Think Better | Tim Hurson

Summary of: Think Better: An Innovator’s Guide to Productive Thinking
By: Tim Hurson

Introduction

Embark on the intellectual adventure of ‘Think Better: An Innovator’s Guide to Productive Thinking’ by Tim Hurson, that breaks the myth of inherent thinking abilities and shifts focus to enhancing one’s cognitive capabilities. The summary spotlights the emerging knowledge-driven economy and highlights the differences between reproductive and productive thinking. You will discover thought patterns that prevent true productivity and learn the importance of creative and critical thinking in improving problem-solving prowess. Additionally, the summary offers various techniques and processes to foster productive thinking, ensuring both individuals and organizations can adapt effectively in the fast-changing world.

Maximizing Your Thinking Potential

Thinking ability is not innate, anyone can learn to think better. The economy is now information-based, making a company’s ability to manipulate ideas crucial. Productive thinking generates new ideas for insight, while reproductive thinking refines existing knowledge. Recognizing and overcoming common avoidance techniques such as “monkey mind,” “gator brain,” and “elephant’s tether” is essential. Understanding and breaking patterns when necessary is key to maximizing your thinking potential.

Reproductive Thinking and Productive Thinking

Reproductive thinking is grounded in following old patterns and doing things the same way, while productive thinking is about creating new processes and generating ideas through creative and critical thinking. Reproductive thinking has three levels: unconscious, intentional, and kaizen, which involves continuing to improve processes mindfully. However, reproductive thinking doesn’t help solve new problems. On the other hand, productive thinking transforms our worldview and creates new processes using creative and critical thinking. When thinking creatively, ideas should be generated without judgment, and criticism should be suspended until enough ideas are generated. This approach ensures that new ideas are not immediately dismissed. While reproductive thinking can be useful, productive thinking is necessary for innovation and problem-solving.

Mastering Productive Thinking

Productive thinking involves three stages: analyzing, judging, and selecting ideas. However, we tend to stick to reproductive thinking, which limits us to familiar solutions. To be truly productive, we must keep asking questions and generating lots of ideas, even the strange or unacceptable ones. Brainstorming has three steps: generating safe ideas, getting an inkling of new ones, and finally, crazy ideas. By churning out ideas as fast as we can, we can access the productive final third of the process. To generate rich, useful, and original solutions, we should follow a six-step process. Rushing to answers won’t give us productive thinking, so we should keep questioning even when the answers seem clear. Trying to both think creatively and critically simultaneously will sabotage our success.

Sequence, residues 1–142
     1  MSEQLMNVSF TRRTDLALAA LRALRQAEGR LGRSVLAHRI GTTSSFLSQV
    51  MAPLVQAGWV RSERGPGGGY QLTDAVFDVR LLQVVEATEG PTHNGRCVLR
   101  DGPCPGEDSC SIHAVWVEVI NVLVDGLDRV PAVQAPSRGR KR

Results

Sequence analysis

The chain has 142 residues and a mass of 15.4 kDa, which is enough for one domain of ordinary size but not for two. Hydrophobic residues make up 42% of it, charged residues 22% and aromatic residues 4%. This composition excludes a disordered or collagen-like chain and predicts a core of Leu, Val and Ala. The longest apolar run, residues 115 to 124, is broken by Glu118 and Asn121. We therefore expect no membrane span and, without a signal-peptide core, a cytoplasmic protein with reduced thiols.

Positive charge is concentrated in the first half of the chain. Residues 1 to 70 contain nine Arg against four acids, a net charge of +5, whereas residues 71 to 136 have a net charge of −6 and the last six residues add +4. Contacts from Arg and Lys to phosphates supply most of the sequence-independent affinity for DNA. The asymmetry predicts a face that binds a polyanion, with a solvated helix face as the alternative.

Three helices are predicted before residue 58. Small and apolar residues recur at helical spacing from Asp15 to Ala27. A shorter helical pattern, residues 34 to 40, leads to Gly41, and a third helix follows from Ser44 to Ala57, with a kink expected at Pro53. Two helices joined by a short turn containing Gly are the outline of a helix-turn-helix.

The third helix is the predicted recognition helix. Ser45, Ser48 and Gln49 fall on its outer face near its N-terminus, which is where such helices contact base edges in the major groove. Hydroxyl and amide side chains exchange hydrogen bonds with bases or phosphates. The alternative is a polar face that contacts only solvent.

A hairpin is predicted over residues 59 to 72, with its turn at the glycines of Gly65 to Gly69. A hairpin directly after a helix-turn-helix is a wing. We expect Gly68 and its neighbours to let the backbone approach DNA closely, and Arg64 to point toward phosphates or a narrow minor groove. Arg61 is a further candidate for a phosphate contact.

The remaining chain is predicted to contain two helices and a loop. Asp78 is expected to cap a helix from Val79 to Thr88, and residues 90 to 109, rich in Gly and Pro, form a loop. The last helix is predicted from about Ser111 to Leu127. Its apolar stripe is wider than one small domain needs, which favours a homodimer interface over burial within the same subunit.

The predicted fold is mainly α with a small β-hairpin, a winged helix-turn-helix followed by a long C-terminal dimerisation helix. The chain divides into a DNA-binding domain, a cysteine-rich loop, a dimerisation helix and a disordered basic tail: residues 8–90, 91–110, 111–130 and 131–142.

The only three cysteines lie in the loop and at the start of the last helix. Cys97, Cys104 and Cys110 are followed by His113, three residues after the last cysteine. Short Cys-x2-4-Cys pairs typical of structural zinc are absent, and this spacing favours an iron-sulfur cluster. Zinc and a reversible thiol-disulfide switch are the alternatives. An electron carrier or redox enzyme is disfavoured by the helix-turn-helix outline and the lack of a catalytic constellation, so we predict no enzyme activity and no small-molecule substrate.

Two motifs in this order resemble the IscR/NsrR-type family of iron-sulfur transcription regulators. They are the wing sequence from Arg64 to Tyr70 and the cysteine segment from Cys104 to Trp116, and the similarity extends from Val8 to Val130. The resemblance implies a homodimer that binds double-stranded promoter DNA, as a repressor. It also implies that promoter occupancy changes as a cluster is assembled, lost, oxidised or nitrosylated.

Problem-Solving Techniques

The book suggests a step-by-step approach to investigating a problem. It advises identifying the cause of the irritation, assessing its impact, and identifying those affected. It also recommends creating a “KnoWonder” diagram and using “I3” to envision your ideal future. The author advocates for avoiding tunnel vision by entertaining multiple interpretations before narrowing down on a solution. Finally, the passage emphasizes the value of imagination, influence, and importance in achieving one’s goals. The book provides practical problem-solving techniques that can be applied across different contexts.

Persuading People to Act

To persuade people to act, create a compelling future vision and use exercises like “DRIVE” or “AIM” to shape and write down the necessary steps.

Generating new ideas can be easy, but persuading people to act on them is often a different challenge. Both individuals and organizations may find themselves stuck in the past and unable to move forward. To overcome this obstacle, an even more powerful “future pull” needs to be created. The first step is to visualize the future in detail, including workday, feelings, and interactions with colleagues. Writing a press release or annual report describing the success of this vision without worrying about being logical is also recommended.

To further shape the vision, the “DRIVE” exercise can be used by writing the letters D-R-I-V-E across the top of a page and listing what the solution must do, any restrictions, investments, values, and essential outcomes. Alternatively, the “AIM” exercise can be used by listing the advantages, impediments, and maybes. By using these exercises to write down the necessary steps to achieve the future vision, individuals and organizations will be better equipped to persuade themselves and others to take action towards reaching their goals.

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